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Thread: swarming- why?

  1. #1
    Join Date
    Jun 2013
    Location
    Aurora, MN, USA
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    2

    Default swarming- why?

    my bee yard has 11 hives and there have already been 3 swarms that I know of. Doesn't this seem like an awful lot for hives started this spring with 5 frame nucs? I'm a complete novice but my mentor who owns 9 of the hives has worked for 3 commercial apiaries over the years and he doesn't understand it either.

    The details:I live in northern Minnesota, 9 8 frame hives and 2 10 frame hives. No drawn comb except what was in the nuc packages. nucs installed May 1st. This is bear country so all 11 hives are in a 16x16 area surrounded with cattle panels and electric fence. The first swarm left the capture hive and went native. The 2nd and 3rd have stayed but we added a couple frames of brood to the capture hives. The swarms don't appear to be abandoning the original hives but splitting. The swarms have been spaced about a week apart with the latest swarm happening on June 28th. That one was my first solo swarm capture as my mentor is out of town. It was a wet drizzly day, no extra hive bodies so I had to construct a brood chamber body from plywood to house the 10 spare frames I had before I could even start. No protective gear except the smoker. I was expecting to take a few hits especially with the weather. waited for a lull in the rain and did the capture... managed to avoid getting stung to boot installed a top feeder with 1:1 last night to give them a boost building comb and they seem to be settling in to stay.

    It's cool that I just doubled the number of hives I own because I had the funds to buy new hives, but if this keeps up I'm going to have to let some future swarms go native for lack of hives to house them in.

    Eye_Mac

  2. #2
    Join Date
    Nov 2011
    Location
    Rader, Greene County, Tennessee, USA
    Posts
    6,336

    Default Re: swarming- why?

    Welcome to Beesource!

    Bees swarm *because they can*. Swarming is how a colony reproduces. If you would like to try to reduce swarming in your hives, you may find this page from Michael Bush useful reading:
    http://www.bushfarms.com/beesswarmcontrol.htm
    Graham
    --- Practical reality trumps philosophy!

  3. #3
    Join Date
    May 2009
    Location
    Flora,IL
    Posts
    2,644

    Default Re: swarming- why?

    May also depend on the type of queens you have some will be very swarmy, and other types not so much. When I get haves that are swarmy, I requeen. Lots of swarms usualy = no honey.

  4. #4
    Join Date
    Jul 2011
    Location
    Evansville, IN
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    2,505

    Default Re: swarming- why?

    My understanding is that bees will typically swarm when their current hive is fully filled, there is a flow on, and there are enough bees for both hives (the original and the swarm) to have a good chance of survival. Naturally, this will vary with the different genetics of the queens, but by and large and crowded hive with full storage will throw a swarm on a nectar flow. Early spring is normally when hives swarm, but allowing them to get over-stuffed at any time can result in a swarm, even a new hive from a package.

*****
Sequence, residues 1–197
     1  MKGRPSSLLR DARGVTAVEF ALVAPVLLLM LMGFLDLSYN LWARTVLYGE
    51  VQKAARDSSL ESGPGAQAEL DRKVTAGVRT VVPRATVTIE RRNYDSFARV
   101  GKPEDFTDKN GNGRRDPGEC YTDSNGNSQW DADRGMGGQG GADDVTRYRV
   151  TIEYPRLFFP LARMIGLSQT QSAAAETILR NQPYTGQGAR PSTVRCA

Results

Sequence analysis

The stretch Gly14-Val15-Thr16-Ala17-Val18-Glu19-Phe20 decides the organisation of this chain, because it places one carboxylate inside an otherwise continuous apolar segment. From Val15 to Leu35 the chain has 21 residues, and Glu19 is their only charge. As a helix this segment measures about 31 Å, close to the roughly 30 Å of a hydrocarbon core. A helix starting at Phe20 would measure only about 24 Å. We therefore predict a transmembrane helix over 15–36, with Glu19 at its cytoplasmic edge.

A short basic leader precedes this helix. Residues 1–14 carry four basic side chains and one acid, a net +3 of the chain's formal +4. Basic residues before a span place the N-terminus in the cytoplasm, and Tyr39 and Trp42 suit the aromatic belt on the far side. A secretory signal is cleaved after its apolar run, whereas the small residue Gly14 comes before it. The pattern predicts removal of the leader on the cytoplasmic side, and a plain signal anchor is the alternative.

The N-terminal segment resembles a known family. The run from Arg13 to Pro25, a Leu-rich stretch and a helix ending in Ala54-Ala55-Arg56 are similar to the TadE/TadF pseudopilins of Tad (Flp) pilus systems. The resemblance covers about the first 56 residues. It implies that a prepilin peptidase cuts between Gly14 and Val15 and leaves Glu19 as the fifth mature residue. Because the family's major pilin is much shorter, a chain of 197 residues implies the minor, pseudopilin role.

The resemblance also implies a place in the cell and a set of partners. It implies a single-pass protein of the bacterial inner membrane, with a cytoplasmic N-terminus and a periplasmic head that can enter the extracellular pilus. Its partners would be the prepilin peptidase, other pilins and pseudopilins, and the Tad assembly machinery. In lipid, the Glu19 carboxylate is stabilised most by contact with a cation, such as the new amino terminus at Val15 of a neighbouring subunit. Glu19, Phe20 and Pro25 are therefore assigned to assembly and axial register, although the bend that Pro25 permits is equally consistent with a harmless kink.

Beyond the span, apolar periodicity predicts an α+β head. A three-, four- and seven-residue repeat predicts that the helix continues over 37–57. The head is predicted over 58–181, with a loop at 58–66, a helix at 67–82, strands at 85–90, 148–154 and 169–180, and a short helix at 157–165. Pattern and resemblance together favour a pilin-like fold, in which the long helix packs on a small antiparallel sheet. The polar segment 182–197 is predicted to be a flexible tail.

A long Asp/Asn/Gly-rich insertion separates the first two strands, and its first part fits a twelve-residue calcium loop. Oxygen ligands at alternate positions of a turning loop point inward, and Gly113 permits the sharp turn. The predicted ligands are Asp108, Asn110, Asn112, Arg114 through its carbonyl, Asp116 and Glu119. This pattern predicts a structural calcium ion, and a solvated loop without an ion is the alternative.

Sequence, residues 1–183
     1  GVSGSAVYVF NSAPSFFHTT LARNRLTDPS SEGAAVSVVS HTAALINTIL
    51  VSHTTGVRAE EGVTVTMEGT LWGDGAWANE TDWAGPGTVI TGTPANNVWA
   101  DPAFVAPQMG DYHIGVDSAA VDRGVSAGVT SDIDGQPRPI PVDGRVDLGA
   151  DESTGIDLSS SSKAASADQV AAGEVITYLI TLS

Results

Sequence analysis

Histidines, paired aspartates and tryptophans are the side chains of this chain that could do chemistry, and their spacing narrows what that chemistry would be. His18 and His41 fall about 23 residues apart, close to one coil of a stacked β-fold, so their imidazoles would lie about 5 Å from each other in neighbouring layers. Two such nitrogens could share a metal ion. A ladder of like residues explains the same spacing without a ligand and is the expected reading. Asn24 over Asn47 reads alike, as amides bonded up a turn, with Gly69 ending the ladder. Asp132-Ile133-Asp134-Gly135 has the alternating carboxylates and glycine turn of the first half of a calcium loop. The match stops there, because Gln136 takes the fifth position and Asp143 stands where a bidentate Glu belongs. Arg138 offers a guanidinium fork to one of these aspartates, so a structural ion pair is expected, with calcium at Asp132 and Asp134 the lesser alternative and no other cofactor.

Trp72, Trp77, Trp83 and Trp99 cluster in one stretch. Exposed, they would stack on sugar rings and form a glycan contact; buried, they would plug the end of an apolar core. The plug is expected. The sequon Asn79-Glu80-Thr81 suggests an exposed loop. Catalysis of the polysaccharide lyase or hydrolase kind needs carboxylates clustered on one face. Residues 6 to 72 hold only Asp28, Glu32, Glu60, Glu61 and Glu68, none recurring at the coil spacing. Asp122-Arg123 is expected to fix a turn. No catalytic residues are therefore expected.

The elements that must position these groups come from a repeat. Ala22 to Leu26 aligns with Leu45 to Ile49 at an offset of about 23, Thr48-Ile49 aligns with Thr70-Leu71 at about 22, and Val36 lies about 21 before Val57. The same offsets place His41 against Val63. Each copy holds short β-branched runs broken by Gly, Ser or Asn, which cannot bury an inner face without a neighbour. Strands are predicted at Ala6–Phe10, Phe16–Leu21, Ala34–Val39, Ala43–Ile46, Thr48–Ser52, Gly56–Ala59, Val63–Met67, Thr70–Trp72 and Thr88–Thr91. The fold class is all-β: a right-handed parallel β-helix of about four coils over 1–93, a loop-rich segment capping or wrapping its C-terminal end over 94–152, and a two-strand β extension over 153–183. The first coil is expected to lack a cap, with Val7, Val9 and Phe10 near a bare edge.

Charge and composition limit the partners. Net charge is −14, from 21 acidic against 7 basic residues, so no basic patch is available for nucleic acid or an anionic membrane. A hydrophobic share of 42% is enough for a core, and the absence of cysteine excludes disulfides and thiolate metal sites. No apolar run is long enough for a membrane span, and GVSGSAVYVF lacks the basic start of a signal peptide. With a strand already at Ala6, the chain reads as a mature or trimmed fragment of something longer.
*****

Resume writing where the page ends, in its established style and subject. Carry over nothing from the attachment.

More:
There are a number of ways to avoid this, cheapest and easiest is to not allow them to fill up the hive with honey. Remember, a full hive is a signal to make a new one, so if you keep empty comb over the brood nest by adding boxes, adding empty frames and removing full ones, or exctracting and putting empty boxes back on, they won't get the signal that it's reproduction time.

    I would suspect you needed to add more space sooner than you did, but it's possible you just got swarmy bees.

    Peter

  5. #5
    Join Date
    Feb 2010
    Location
    S Hadley, Massachusetts USA
    Posts
    690

    Default Re: swarming- why?

    One thing the bee books leave aout about swarming. There are tow types.......overcrowding swarms and reproduction swarms. They are different types.

    A beekeeeper has little luck keeping swarming at bay when they are in reproduction mode. They will swarm with empty comb with or without a flow.
    Pearl City Apiary Michael and Loucil Bach

  6. #6
    Join Date
    Jun 2013
    Location
    Aurora, MN, USA
    Posts
    2

    Default Re: swarming- why?

    Thank you Michael and Radar,

    I am guessing these are reproductive swarms. I'll try to capture the ones I can I'm not too crushed about the ones that escape, here in Northern MN we do not have enough wild honey bees in large part due to very harsh winters.

    Eye_Mac

  7. #7
    Join Date
    Apr 2010
    Location
    brooklyn, ny
    Posts
    109

    Default Re: swarming- why?

    I have had 20 swarms that i know of from 38 hives
    The weather is great for nectar flow so they swarm
    All my hives are new this year on new equipment
    The only thing that makes sense is the weather that promos it
    And their undying need to swarm for the species

  8. #8
    Join Date
    Aug 2002
    Location
    Nehawka, Nebraska USA
    Posts
    46,337

    Default Re: swarming- why?

    >my bee yard has 11 hives and there have already been 3 swarms that I know of. Doesn't this seem like an awful lot for hives started this spring with 5 frame nucs?

    If you fed constantly that is what I would expect to happen...
    Michael Bush bushfarms.com/bees.htm "Everything works if you let it." ThePracticalBeekeeper.com 40y 200h 37yTF

  9. #9
    Join Date
    Apr 2010
    Location
    brooklyn, ny
    Posts
    109

    Default Re: swarming- why?

    Sadly yes
    But they swarm for the species and that seams to over ride preparation
    The food is out there from all the rain
    A good year to grow your bees
    Sucks for honey production
    Maybe

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